I found it interesting at a Coffee Talk on trust I was told because of my “privilege” I didn’t have a right to talk about walking in life without fear.
I am attempting to be as candid as possible without it sounding like I’m attacking anyone. I learned a long time ago to not judge a book by its cover. Yes, I’m a white male that had the “privilege” of being sexually assaulted as a child, the “privilege” of spending time in South East Asia in the early 70s, of starting a small race riot in Memphis, Tennessee in early 1970 to save a buddy from a beat down by the cops, shot in Houston Texas in the 80’s, living on the streets and finding myself in jail more than most people would ever think possible without going to prison. As a child I tried to burn a church down (house of God) because that was the only way I knew to strike back at a God that had forsaken me by the age of 10. I had been married three times by the time I married my current wife in 1995.
I know fear and I know trusting in a “God of my own understanding” that taught me to keep trying to love even after being destroyed a few times. When I say we need to move beyond fear and walk through this life without it I am speaking from the mouth of a person that has had a gifted life, in spite of tremendous challenges to overcome from the beginning.
The 23rd Psalm says “Yea, though I walk through the valley of shadow of death, I will fear no evil.” In the new testament of Luke Jesus said to Simon, “Fear not; from henceforth shalt catch men.” The Bhagavad Gita is all about that internal battle we all have at overcoming our fears to walk in wisdom and with God at our side. Buddhism is about overcoming all fear, based on attachment, and living life on the middle road. I’m not well versed in the Islam faith but my understanding is that it is about serving Allah or God, without fear.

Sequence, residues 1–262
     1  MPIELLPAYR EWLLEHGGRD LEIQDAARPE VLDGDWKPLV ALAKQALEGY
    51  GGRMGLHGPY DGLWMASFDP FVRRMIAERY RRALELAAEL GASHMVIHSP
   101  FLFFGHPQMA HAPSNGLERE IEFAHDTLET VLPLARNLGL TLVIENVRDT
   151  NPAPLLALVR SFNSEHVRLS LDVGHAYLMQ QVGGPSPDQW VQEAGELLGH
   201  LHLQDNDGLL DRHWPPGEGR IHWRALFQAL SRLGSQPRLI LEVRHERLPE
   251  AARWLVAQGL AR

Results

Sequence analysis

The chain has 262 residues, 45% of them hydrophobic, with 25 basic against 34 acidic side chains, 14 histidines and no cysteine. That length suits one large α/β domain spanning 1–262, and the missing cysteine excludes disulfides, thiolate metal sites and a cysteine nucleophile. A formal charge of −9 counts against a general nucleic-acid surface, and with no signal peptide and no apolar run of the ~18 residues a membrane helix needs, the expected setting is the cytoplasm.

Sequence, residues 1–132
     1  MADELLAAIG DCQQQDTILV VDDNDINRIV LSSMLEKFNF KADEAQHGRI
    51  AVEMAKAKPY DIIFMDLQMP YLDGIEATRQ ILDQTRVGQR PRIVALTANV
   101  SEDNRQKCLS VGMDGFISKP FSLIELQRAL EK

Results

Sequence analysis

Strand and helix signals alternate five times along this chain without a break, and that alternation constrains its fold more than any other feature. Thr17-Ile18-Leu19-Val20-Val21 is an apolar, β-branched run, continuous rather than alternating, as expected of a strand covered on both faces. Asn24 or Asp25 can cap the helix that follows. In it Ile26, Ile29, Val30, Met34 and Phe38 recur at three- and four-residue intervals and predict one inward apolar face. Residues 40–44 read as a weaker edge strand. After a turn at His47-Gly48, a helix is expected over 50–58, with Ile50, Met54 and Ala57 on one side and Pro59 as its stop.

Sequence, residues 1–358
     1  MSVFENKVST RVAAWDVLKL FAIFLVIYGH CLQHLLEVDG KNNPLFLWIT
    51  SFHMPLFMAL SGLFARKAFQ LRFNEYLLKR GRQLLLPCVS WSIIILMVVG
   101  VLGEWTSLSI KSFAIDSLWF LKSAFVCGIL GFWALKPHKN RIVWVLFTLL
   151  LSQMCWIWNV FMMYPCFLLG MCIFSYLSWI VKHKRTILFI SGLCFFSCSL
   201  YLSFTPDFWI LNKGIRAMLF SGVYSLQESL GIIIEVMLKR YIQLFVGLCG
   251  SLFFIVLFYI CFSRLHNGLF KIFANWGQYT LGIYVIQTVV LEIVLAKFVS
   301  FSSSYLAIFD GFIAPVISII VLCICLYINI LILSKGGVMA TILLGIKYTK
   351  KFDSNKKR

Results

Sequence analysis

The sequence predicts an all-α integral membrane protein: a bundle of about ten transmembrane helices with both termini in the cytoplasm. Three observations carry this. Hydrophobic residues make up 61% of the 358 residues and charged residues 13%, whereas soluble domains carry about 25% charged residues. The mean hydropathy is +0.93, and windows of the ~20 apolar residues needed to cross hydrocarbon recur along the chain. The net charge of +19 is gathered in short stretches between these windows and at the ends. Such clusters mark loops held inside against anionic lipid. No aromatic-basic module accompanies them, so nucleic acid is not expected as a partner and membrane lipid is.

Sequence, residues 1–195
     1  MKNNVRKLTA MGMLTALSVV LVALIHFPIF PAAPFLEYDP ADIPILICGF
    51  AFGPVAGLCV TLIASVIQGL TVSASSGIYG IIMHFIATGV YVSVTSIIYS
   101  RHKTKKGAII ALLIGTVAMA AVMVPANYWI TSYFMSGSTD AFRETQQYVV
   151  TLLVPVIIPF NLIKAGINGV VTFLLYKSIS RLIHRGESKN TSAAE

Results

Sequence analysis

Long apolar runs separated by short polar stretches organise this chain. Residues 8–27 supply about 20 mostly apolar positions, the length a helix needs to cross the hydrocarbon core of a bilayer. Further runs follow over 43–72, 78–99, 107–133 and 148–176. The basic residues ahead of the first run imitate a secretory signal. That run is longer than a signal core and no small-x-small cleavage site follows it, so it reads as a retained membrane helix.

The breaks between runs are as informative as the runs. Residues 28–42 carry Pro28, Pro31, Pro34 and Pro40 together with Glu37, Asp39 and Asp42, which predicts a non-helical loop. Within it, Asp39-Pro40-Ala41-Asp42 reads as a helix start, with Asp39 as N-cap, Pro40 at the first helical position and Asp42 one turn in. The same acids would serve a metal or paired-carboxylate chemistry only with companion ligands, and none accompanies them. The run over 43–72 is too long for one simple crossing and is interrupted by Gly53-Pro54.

The point I’m trying to make is that all traditions lead us to a life of fearlessness based on our faith in God, whatever name we give that God. To be told in a public forum, by a person who has never met me that I’ve led a life of privilege, and therefore don’t understand fear is preposterous and in my mind defeats the purpose of public discourse.
When I speak of walking without fear I don’t mean one shouldn’t use discernment, being aware of our surroundings, and asking for help when it seems necessary. I don’t hang out in dangerous areas of any city in the middle of the night out of wisdom based on experience; believe me “privilege” does not save you from ignorance.
I’m well aware of what “white privilege” is, I also know that using it as a club to shut someone up is the lowest form of public attack.
The Rev. Joe Niemiec Jr. began his spiritual quest in 1986 when he walked out of a Houston jail and was struck by the realization that his life was in shambles.
He began his quest for ‘getting back on track’ with 12 step programs, followed by learning and practicing meditation with a local Redding, California, teacher.